Story by: Maj. Randall Stillinger

Posted: July 28, 2015

Maj. Randall Stillinger The Purple Heart Medal of Pfc. James T. Hull is embraced by his brother, retired Command Sgt. Maj. Cecil Hull during a ceremony on July 24, 2015. Pfc. Hull was killed in action during the 36th Infantry Division’s Salerno Beach Landing during World War II and was awarded the medal posthumously. After receiving his brother’s medal, Hull donated it to the 36th Infantry Division where it will be displayed on the wall of its headquarters building in Austin. (36th Infantry Division photo by Maj. Randall Stillinger)
Maj. Randall Stillinger
The Purple Heart Medal of Pfc. James T. Hull is embraced by his brother, retired Command Sgt. Maj. Cecil Hull during a ceremony on July 24, 2015. Pfc. Hull was killed in action during the 36th Infantry Division’s Salerno Beach Landing during World War II and was awarded the medal posthumously. After receiving his brother’s medal, Hull donated it to the 36th Infantry Division where it will be displayed on the wall of its headquarters building in Austin. (36th Infantry Division photo by Maj. Randall Stillinger)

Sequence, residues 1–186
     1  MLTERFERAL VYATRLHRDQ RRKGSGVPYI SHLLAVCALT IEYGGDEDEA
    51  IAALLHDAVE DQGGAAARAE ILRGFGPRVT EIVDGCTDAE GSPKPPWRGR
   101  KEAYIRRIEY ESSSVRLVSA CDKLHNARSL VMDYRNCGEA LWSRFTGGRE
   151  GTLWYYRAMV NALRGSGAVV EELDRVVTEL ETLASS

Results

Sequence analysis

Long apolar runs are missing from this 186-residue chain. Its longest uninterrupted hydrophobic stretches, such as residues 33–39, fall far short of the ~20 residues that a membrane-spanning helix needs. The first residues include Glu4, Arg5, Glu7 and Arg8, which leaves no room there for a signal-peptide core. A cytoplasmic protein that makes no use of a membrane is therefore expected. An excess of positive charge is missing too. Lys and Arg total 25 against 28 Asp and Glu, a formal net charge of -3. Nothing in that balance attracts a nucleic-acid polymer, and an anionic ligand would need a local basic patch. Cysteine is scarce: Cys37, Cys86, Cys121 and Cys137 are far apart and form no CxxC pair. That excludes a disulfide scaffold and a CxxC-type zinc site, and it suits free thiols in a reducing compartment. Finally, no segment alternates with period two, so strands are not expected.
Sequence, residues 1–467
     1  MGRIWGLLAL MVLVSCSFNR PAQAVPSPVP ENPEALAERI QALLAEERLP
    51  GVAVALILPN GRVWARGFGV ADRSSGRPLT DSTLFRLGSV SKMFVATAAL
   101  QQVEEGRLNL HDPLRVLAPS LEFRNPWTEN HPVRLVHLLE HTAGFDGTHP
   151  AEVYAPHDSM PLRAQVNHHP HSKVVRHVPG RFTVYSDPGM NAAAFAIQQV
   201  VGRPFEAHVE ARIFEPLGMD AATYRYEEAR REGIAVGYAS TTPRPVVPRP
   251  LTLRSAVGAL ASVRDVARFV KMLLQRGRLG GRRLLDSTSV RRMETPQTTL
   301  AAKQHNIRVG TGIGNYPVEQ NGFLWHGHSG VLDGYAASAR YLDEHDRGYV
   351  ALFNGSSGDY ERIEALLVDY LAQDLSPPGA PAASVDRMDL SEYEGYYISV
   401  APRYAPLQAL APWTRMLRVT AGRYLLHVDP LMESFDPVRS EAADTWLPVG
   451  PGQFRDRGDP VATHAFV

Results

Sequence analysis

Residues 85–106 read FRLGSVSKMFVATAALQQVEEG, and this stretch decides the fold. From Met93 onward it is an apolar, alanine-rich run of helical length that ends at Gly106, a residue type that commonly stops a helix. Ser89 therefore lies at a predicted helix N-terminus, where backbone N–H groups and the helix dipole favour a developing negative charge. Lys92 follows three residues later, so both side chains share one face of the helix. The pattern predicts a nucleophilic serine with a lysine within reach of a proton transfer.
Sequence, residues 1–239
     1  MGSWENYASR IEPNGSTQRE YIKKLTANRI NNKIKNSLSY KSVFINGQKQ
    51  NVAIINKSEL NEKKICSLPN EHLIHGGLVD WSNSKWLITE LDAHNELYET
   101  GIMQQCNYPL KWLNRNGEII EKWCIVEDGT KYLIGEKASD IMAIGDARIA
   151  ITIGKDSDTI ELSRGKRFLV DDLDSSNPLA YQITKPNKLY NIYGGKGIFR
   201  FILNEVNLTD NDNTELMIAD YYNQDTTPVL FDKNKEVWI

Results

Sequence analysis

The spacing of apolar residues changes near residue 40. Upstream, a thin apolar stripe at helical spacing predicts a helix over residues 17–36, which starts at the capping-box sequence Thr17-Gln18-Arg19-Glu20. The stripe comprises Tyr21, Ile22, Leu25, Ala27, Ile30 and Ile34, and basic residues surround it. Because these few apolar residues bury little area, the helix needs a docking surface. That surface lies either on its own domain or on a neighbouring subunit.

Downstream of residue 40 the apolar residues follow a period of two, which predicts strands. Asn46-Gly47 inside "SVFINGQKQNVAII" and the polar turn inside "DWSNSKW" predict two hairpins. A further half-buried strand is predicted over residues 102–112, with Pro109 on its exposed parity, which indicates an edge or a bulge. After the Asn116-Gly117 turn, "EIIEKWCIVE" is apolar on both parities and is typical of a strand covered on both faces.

SAN ANTONIO - The Purple Hearts of two fallen World War II Soldiers were returned during a patriotic ceremony on July 24 at a local health care and rehabilitation center.

The lost medals, which were recovered by the non-profit organization Purple Hearts Reunited (PHR), were presented to the family of one of the fallen, and then turned over to the commanding general of the 36th Infantry Division.

The first medal, which was posthumously awarded to Pfc. James Thomas Hull, was presented to retired Army Command Sgt. Maj. Cecil Hull, his last surviving brother and a recipient of the Purple Heart himself.

Pfc. Hull was born Jan. 24, 1919, to Rufus and Pocahontas “Honto” Johnson Hull in Moulton, Texas. He enlisted on November 25, 1940 and served with Company L, 3rd Battalion, 141st Infantry Regiment, 36th Infantry Division. 

After months of final preparation in North Africa, the 36th conducted the first amphibious assault by an American division in the European theater near Salerno, Italy on Sept. 9, 1943. The 3-141st sustained heavy casualties during the beach assault and landing. Among those killed in action that day was a young Pfc. Hull.